What is XRP(Ripple) and How Does it Work?

XRP is the native cryptocurrency of XRP Ledger, which is an open-source, public blockchain intended to enable faster and cheaper payments.

Home » What is XRP(Ripple) and How Does it Work?

XRP Ledger (XRPL)  is a public, open-source blockchain technology designed for the fin-tech industry, and comes with XRP as its native cryptocurrency. The primary objective of the XRP Ledger is to make international payments easier, by facilitating faster and more affordable transactions. Read on to find more about this exciting cryptocurrency and blockchain solution!

How does XRP work?

Typically, cross-border transactions using the traditional or legacy financial systems (like SWIFT) take one to four business days to settle and incur higher fees. 

The XRP Ledger uses XRP as a bridging currency in order to settle payments of different currencies. A transaction using XRP  is settled in a timeframe of between 3 to 5 seconds, at a much lower cost than the traditional methods currently in widespread use.

The way cross-currency payments in XRP Ledger take place is that they are able to use XRP as a bridging currency. For example, if you attempt to send USD from your account to an European account in EUR, the USD amount would first be converted to XRP, and then XRP would be converted to EUR on the receiver end. The conversion USD-XRP-EUR would take place only if doing so is cheaper than converting directly from USD to EUR.  All payments in XRP Ledger are atomic, meaning that either the complete transaction executes in full, or no part of it executes at all in case of any error.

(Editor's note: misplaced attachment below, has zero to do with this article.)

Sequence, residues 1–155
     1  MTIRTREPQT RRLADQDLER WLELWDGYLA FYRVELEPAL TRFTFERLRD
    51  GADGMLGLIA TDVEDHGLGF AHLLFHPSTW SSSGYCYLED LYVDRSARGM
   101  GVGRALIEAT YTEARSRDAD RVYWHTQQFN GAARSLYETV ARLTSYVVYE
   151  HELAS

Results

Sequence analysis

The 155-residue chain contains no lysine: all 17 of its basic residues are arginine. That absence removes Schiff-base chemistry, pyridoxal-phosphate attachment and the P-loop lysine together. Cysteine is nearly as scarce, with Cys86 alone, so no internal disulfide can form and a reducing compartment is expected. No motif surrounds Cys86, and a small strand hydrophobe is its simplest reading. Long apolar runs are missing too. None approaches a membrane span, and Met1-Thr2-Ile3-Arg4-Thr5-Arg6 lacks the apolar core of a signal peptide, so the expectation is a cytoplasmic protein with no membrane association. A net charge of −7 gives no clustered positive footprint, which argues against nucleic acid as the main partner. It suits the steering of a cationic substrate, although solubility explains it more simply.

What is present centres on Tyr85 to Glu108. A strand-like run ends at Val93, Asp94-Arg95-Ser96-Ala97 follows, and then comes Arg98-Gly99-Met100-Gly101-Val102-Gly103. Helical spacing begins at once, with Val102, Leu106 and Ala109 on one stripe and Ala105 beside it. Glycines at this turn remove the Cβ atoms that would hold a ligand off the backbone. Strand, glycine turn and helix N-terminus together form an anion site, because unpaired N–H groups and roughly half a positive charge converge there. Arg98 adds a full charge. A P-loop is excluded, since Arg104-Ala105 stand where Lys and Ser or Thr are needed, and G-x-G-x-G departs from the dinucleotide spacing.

XRP as a bridging currency in cross-border payments

Ripple claims that XRP transactions on average cost 0.0002 USD per transaction, and they settle in the XRP Ledger in 3 to 5 seconds. The XRP Ledger operates 24/7, and is able to process 1500 transactions per second in a consistent manner. Because XRP Ledger does not employ proof-of-work, it is considered very environmentally friendly, 61.000 times more efficient than proof-of-work blockchains.

History of XRP

XRP Ledger was created in 2012 by Jed McCaleb , Arthur Britto and David Schwartz, along with its native cryptocurrency XRP. There is a maximum supply of 100 billion XRP, all of which has already been created. No more XRP will ever be issued. 

To clarify the relationship between XRP and the Ripple company, we will delve slightly deeper in the historical timeline below. 

In 2004, Ryan Fugger, a developer who had experience in working in a local exchange trading system

 in Vancouver, built a decentralized payment platform known as RipplePay. RipplePay could facilitate peer-to-peer lending, without requiring the involvement of banks. In this regard, RipplePay’s decentralized payment platform preceded Bitcoin by some 4 years.

Independently, in 2011 Jed McCaleb , Arthur Britto and David Schwartz joined together in working on a new cryptocurrency, intending to eliminate some weaknesses of Bitcoin. They created a digital currency which instead of employing a consensus mechanism like the popular proof-of-work, had transactions verified by consensus formed from the members of the network.

Chirs Larsen joined them in 2012, after which the team approached Ryan Fugger. They wanted to use Fugger’s work and couple it with the newly developed digital currency, to which Fugger agreed. The result was the new company OpenCoin, which was rebranded to Ripple Labs in 2013. There was an additional rebranding in 2015, with the company changing its name to present day’s Ripple.

The creators of the XRP digital currency, Jed McCaleb and the others, donated 80 billion XRP to the Ripple company, with the other 20 billion being shared amongst the founders themselves. 

History Timeline of XRP and XRP Ledger
History of XRP

Notable Ripple/XRP achievements

Undoubtedly, Ripple has caused waves and shocks in the payment industry, and its innovative solutions were impossible to ignore even by the banking giants and other goliaths of the financial industry. It is regarded as the first mainstream utilization of blockchain technology in the banking domain.